Gourds – Appetite for agglomeration
Then along came Llewellin, an Australian playing with Jean Caffeine who had the knack of playing the drums quietly, with brushes, yet making it rock. By the summer of 1994, they were rehearsing daily in a house directly beneath the landing pattern of Austin’s old airport. When Russell saw some old rivals get a major-label deal after playing only one gig, he was shaken out of his torpor and, as he put it, “got back in the game.”
Russell and Smith shared an approach to songwriting that some would call sloppy. “I relate it to the model airplanes I built as a kid,” Smith said back then. “Some people have a lot of patience for it, but not me. My dad was real meticulous and I just slapped them together — and they’d fly! I’ll get a melody, some words, get the four-track out, and get it down.”
“I look at it more as word games,” Russell offered. “You get the music first, like the verse and the chorus, no bridges. Get some nice, well-crafted chords, take some words and just slap ’em together. I don’t worry about the literal meaning of them.”
Nor have things changed that much, he added recently. “When I think about the first record, all that I see that’s different is that we’re better at playing together, although we’re sloppy — people ought to be used to the fact that we’re as sloppy as the Faces were at their best.”
That’s being sloppy where it counts: letting the unconscious stuff flow to the surface pretty much unmediated, and letting it dictate your artistic choices. But other decisions were just as meticulous as the elder Mr. Smith’s airplanes.
Mike Stewart has produced most of the Gourds’ records, helped Russell with his solo album, and still works occasionally as their soundman on the road, although he now lives in Amsterdam. “When I first met them,” he remembered recently, “[Austin writer] Rob Patterson had told me about them, and we were working on some demos in my house on an eight-track. Even though they were practicing and so on, it was still distinctly Jimmy and his tunes and Kevin and his, but then some guys came over from Munich Records in Holland for SXSW and made them an offer.
“I said to them, here’s the path we could go: We could get money and go into the studio, but I think we should stay in a home studio environment. We rented everything we needed to record and took it out to a farm that Kevin’s in-laws owned out by Comfort, Texas. And for two weeks we didn’t do anything but play these songs at different tempos.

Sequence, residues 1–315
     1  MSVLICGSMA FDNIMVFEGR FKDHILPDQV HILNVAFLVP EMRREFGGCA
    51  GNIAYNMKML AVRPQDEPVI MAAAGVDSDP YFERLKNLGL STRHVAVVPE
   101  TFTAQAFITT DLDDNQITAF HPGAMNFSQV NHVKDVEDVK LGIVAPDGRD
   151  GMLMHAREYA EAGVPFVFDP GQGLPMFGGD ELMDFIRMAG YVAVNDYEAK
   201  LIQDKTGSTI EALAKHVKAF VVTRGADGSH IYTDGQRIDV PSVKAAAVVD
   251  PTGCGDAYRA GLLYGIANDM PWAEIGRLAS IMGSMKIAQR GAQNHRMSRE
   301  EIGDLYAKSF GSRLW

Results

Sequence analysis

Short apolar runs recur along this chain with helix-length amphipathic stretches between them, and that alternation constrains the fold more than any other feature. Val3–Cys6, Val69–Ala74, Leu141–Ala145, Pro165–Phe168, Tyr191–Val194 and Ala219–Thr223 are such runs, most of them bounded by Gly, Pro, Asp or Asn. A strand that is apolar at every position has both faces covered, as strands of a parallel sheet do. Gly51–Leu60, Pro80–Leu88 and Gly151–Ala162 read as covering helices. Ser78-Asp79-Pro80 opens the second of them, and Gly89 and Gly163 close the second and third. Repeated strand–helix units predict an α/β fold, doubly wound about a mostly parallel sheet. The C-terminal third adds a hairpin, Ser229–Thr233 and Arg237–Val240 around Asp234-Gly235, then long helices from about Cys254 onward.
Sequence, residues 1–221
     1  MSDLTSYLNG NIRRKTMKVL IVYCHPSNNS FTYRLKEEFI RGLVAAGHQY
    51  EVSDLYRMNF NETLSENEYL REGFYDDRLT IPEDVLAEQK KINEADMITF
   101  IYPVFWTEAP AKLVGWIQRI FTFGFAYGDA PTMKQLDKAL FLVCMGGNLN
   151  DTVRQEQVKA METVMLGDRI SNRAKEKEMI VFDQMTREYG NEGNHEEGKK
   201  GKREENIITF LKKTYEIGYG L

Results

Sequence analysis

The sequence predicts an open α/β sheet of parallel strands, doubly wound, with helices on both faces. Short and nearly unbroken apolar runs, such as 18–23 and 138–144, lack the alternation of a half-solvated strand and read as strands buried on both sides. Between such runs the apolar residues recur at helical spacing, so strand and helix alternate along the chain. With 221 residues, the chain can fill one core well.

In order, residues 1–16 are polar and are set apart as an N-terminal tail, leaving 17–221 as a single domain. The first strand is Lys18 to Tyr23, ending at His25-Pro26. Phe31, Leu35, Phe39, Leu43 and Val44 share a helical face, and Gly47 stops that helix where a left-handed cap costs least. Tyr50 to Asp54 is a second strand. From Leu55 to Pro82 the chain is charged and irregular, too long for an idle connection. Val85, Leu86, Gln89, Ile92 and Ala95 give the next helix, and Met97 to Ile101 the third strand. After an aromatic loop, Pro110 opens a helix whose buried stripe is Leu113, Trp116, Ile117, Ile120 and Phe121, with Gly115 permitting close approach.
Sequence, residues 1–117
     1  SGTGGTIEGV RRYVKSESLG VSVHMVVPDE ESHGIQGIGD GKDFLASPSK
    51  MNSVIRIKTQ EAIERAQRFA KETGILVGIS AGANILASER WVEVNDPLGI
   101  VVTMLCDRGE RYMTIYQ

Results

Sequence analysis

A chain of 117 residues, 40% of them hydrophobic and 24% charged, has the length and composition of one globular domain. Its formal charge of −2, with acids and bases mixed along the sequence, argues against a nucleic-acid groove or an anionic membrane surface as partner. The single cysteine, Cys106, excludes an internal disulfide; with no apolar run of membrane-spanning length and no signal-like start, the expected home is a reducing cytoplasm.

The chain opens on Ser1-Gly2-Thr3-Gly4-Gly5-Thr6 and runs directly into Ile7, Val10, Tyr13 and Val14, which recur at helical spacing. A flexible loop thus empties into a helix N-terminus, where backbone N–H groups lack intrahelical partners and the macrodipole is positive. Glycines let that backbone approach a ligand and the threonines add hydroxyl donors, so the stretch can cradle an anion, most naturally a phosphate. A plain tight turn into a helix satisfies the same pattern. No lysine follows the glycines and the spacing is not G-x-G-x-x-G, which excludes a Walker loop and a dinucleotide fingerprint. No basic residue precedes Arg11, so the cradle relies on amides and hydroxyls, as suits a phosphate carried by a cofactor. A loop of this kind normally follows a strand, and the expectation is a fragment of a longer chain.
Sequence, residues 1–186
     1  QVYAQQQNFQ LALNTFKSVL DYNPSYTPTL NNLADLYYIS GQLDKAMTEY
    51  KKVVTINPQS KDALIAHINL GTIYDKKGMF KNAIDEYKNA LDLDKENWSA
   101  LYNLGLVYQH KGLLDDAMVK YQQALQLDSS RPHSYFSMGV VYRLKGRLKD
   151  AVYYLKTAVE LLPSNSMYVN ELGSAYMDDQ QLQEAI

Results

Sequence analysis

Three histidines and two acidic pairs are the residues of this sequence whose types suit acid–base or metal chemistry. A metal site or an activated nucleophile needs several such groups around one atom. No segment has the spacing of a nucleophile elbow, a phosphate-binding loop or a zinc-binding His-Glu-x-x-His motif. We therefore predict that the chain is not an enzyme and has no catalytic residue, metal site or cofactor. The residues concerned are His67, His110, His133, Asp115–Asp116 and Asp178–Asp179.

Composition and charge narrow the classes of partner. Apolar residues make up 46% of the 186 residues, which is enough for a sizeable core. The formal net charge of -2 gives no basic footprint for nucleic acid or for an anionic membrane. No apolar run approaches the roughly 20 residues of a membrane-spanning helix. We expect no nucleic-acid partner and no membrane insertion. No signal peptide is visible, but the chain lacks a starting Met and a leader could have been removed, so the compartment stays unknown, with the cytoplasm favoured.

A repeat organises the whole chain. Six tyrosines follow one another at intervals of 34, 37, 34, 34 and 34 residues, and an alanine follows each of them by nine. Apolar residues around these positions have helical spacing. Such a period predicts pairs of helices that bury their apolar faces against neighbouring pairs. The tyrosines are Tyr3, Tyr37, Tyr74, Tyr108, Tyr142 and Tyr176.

“And I said, this is an opportunity to learn about what you want to do, and basically, out at the farm is where we together developed what became the Gourds’ sound over the next couple of records. So for the second album [Stadium Blitzer], it was really obvious we should go back to the farm. This time it was more efficient because they’d played more shows, and at this period, although it was still divided up, there was a more cohesive sense of what they could do with each other’s songs.
“I remember saying, ‘You’re going to learn a lot, learn how to play the songs, learn how to record, and you’re going to school.’ Max [Johnston, the veteran of Uncle Tupelo and Wilco who plays fiddle and mandolin] had just shown up. The inclusion of Max caused Jimmy and Kevin to grow a lot closer, and with a third person their stuff didn’t seem so far apart.” Johnston also filled out the sound, both onstage and on record, in a crucial way, bringing it up to a sort of critical mass.
The Gourds, though, weren’t the only ones going to school. Understandably, Stewart had never come up against a group like this. He had to figure out the personalities. “Jimmy has a fairly clear, distinct idea. It’s a curious insanity about him, that he can see what he wants at the moment he writes the song: minimal or full or crazy, or whatever. Kevin is more, ‘Here’s the basic bare bones of the song,’ and we try all kinds of things, accordion as the basis of the song, or guitar, until we find what works.”
I think this mutual learning process can be heard on those early records, which is one reason they’re so exciting. They truly are a group effort, with nobody really in control. Things continuously threaten to fly apart, but there’s enough self-discipline on all sides to keep the band centered and keep the goal in sight.
Of course, the other thing that makes them so exciting is the sense that yet another band has nailed something essential about American music without signing on to a formula, making them one with a long tradition that starts somewhere back around The Band’s Music From Big Pink, continues through X, the Blasters, and Los Lobos, and then sort of thins out until Uncle Tupelo appears. Yes, country has something to do with it, but so does blues, and so, as this latest album, Blood Of The Ram, makes clear, does soul music.
One advantage the Gourds had at the start was a non-American record label. The music market in Europe is much smaller than it is in the United States, and, as in the States, it’s dominated by majors, which tend to release the exact same stuff they do everywhere else. Thus, fringe bands pretty much have to go to indies, and the indies are a normal part of the scene. Many people don’t expect to find the stuff they like on major labels, particularly if they deal with dance or indie rock or are part of the small but strong and vocal European audience for Americana. Munich Records, with whom the Gourds signed, is (confusingly enough) a Dutch label based in Wageringen, not far from where Hieronymous Bosch grew up.